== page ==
Water managers and environmental regulators have acknowledged that Florida is in violation of a landmark legal agreement requiring the state to halt the flow of polluted water into the Everglades. At the same time, however, they're urging a federal judge overseeing the progress not to declare them in violation or, in fact, do anything at all.
Admitting to the violation reflected a notable change of tone and tactic for state agencies that have long resisted federal oversight and insisted that efforts to reduce levels of phosphorus — a fertilizer ingredient that flows off sugar farms, cattle pastures and suburban lawns — were working and on track.
But despite two recent "exceedences" of the damaging nutrient in eight months in a national wildlife refuge in Palm Beach County, attorneys for the South Florida Water Management District and Florida Department of Environmental Protection delivered much the same argument they have in previous hearings over the past six years before Chief U.S. District Judge Federico Moreno:
Trust us — we've got a plan and we're getting there.
But the judge said he had heard it all before. Moreno likened the legal wrangling over the ongoing, 21-year-old settlement to a soap opera. "No matter how long ago it was you watched it, within a few minutes you see it's the same things they're still talking about," he said.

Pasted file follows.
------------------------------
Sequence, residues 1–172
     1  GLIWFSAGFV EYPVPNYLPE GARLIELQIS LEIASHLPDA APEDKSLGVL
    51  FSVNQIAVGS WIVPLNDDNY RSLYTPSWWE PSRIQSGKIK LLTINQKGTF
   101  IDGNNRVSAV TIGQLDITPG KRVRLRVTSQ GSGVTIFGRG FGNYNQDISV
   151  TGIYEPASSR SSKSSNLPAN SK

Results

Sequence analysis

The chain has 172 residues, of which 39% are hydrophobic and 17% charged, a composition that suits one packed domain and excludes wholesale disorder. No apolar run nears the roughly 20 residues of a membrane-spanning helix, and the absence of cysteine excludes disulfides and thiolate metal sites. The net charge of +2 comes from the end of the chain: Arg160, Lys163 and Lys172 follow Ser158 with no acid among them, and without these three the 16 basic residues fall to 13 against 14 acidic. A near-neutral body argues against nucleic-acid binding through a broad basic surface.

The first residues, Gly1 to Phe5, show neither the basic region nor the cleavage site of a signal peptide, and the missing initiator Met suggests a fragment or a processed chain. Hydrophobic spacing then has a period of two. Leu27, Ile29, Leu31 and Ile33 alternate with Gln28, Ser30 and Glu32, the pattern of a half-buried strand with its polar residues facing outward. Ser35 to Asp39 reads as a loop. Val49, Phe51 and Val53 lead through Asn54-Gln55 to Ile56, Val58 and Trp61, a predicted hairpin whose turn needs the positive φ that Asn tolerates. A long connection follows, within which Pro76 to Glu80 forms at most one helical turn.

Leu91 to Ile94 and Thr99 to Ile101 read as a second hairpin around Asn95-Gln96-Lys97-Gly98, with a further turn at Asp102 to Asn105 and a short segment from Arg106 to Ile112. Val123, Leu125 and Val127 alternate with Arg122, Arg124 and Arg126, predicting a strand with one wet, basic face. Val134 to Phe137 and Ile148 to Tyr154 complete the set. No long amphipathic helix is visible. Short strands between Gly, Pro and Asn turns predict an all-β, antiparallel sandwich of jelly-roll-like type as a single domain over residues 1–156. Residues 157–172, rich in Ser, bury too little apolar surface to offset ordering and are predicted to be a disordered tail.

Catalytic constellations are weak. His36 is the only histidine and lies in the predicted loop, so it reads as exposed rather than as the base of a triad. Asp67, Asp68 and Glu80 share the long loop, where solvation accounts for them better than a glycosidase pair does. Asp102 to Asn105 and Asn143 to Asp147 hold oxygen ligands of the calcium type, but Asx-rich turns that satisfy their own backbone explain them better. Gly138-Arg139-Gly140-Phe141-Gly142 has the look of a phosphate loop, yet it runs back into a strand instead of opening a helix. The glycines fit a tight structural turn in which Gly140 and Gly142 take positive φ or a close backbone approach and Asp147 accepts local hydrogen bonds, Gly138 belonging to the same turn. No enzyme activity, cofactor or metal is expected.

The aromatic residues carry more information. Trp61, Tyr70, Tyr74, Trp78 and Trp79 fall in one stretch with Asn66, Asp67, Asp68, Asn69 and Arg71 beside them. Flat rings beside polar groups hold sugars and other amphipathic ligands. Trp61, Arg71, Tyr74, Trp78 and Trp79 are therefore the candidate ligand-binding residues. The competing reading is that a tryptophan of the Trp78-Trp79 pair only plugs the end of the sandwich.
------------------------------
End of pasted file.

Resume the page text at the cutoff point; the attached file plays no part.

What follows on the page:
In a Tuesday hearing in Moreno's Miami courtroom, water district attorney Kirk Burns said the state was close to completing $1.1 billion in projects and is pursuing a $536 million purchase of 73,000 acres of sugar farms and citrus groves that could greatly expand cleanup efforts. The state also is in the midst of negotiations with federal agencies that could potentially produce tougher pollution restrictions.
"We are making substantial progress," Burns said. "We would appreciate the opportunity to be able to finish our hundreds of millions in remedies before being asked to add to it."
Burns asked Moreno to give the state and federal agencies until Feb. 1, 2010, to report back on the results of their negotiations — a request endorsed by Edward Gelderman, an attorney for the U.S. Justice Department, representing the Interior Department and other federal agencies.
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